Another year is over, not sure how – it was July just last week. So, here’s a small list of books that were adapted into lustrous and intricate screenplays for you to read/watch at the beginning of a new year. The term “underrated” is so overused now that I don’t want you to get me wrong, none of these films or books are unknown. They all got a fair share of acclaim when they came out, but somehow aren’t as popular as they perhaps ought to be. By that description too, this could easily become an unending list. But these are just a few personal favourites.
1. Wonder Boys (2000) based on Wonder Boys by Michael Chabon
Writing about writers is often murky territory but Chabon knocked it out of the park with this 1995 winner. Grady Tripp is an ageing author who’s struggling with his latest magnum opus, smoking a copious amount of pot, and generally struggling to find his way. During this time, his closest friend, Terry Crabtree, who is also his editor, visits him and chaos ensues. A story of companionship, life’s surprises, and artistic apprehensions. There’ll always be a special place for this film in my heart because Robert Downey Jr plays my day job in Wonder Boys – a book editor.
2. Shubho Mahurat (2003) based on The Mirror Crack'd from Side to Side by Agatha Christie
The setup is that of a classic Christie whodunit – at a fundraiser a woman mysteriously dies, and Miss Marple steps in to solve the mystery. Late filmmaker Rituparno Ghosh changed the setting to a film-within-a-film format which made the unfolding of the events even more delicious. It’s a traditional crime story that crackles because of the inspired casting, pitting two ace actors like Raakhee as Ranga Pishima (a Bengali Marple) and Sharmila Tagore against each other, and some excellent use of dialogues.
The film did go on to win two National Awards but isn’t celebrated as much as many other works by the director. Ghosh was also a maker who understood the art of adaptation in the truest sense because he introduced new characters and made them so inherently rooted to the city of Calcutta that even after knowing the story has been taken from an Agatha Christie novel, you’d start seeing an entirely new world a few minutes after the film starts playing.
3. A Scanner Darkly (2006) based on A Scanner Darkly by Philip K. Dick
In a not-so-distant future, nearly every person alive is addicted to a new hallucinatory drug called Substance D – also referred to as “Slow Death” or “Death” in the book. To combat this epidemic, the government develops a high-tech surveillance system and builds a secret network of cops and informants. Caught up in the middle is Bob Archer, an undercover officer who has become addicted to Substance D, struggling to maintain his sanity. The overarching theme of drug abuse in this book was a direct reflection of author Philip K. Dick’s personal experiences.
Other running ideas here are state surveillance and authoritarianism, which feel eerily familiar today. It’s a world filled with unreliable, manipulative characters but what makes it relatable is that it’s not devoid of compassion or empathy. Filmmaker Richard Linklater will always be known as the Before Trilogy guy, maybe School of Rock for some, but this is where he was at his inventive and imaginative best. And the trippy rotoscoping animation really hits home, especially in this overdosed age of cybernated superheroes and avatars.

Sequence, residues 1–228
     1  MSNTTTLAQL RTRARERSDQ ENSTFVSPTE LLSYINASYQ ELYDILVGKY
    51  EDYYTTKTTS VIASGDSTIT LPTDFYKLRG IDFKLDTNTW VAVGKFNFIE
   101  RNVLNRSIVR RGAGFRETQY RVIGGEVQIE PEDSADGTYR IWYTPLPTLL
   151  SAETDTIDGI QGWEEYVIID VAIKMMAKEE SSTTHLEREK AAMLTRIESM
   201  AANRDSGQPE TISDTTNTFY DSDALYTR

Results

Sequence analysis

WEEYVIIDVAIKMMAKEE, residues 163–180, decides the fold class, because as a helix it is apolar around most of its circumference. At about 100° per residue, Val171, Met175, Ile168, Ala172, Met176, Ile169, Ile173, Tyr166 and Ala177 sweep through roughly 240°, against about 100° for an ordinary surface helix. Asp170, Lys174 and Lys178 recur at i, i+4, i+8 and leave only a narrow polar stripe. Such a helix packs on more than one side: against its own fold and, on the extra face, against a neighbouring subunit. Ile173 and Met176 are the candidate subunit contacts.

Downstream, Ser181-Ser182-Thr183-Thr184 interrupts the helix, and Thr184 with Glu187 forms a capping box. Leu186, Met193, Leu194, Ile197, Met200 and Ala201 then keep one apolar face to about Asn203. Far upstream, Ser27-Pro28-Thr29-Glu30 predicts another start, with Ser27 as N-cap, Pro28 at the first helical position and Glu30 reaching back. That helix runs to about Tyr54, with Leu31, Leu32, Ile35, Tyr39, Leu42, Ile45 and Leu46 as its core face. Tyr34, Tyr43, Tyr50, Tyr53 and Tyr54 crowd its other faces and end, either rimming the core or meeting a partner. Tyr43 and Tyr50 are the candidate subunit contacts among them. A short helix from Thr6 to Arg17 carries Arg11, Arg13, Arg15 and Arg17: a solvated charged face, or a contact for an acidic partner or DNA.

4. The Descendants (2015) based on The Descendants by Kaui Hart Hemmings
Hawaii is not a place but a major player in The Descendants – one of the most bittersweet family tragedies ever. Matt King (George Clooney in the film doing his life’s best work) descends from a line of Hawaiian privilege who has inherited a vast expanse of virgin land and must decide as trustee for the family's property whether to sell it, a decision that could instantly make him and several of his relatives considerably wealthier. He is also amidst enormous personal tragedy; his wife of several years has just been in a boating accident that has left her in a coma from which she may never wake up again. King is suddenly a single parent – responsible for his two young daughters, one at a critical crossroads dealing with boarding school, drug abuse, and teenage rebellion while another, just ten years old, still unaware that she’s about to lose her mother.
You’ll meet a wild bunch here, whether you pick up the book or play the film on a balmy afternoon, including some poignantly written minor characters. But even at their most defenseless, none of them seem like they lack emotional heft. It won’t change the way you look at grief but reassure that grieving while not forgetting to laugh a little every now and then is possible.
5. Burning (2018) based on the story “Barn Burning” from The Elephant Vanishes by Haruki Murakami
One look at Burning and the viewer will know they are now a part of the Murakami universe. There are solitary aimless characters, a glimpse into the dark side of human nature, and of course a cat too but one that never shows its face.
The plot is deceptively simple – two childhood friends, a man and a woman who grew up in a farming village, run into each other in Seoul and reconnect. Soon a third lead is introduced, a rich and sophisticated young man who instantly comes across as charming and worldly wise. He admits to his weird avocation, he locates and burns down greenhouses during his spare time. A little while later, the woman disappears, and her friend starts suspecting the other man. The violence in Burning isn’t always obviously discernable but epitomized by the constant display of status and wealth. Don’t miss this haunting exploration of social and economic disparity that’s palpably altering the South Korean landscape forever.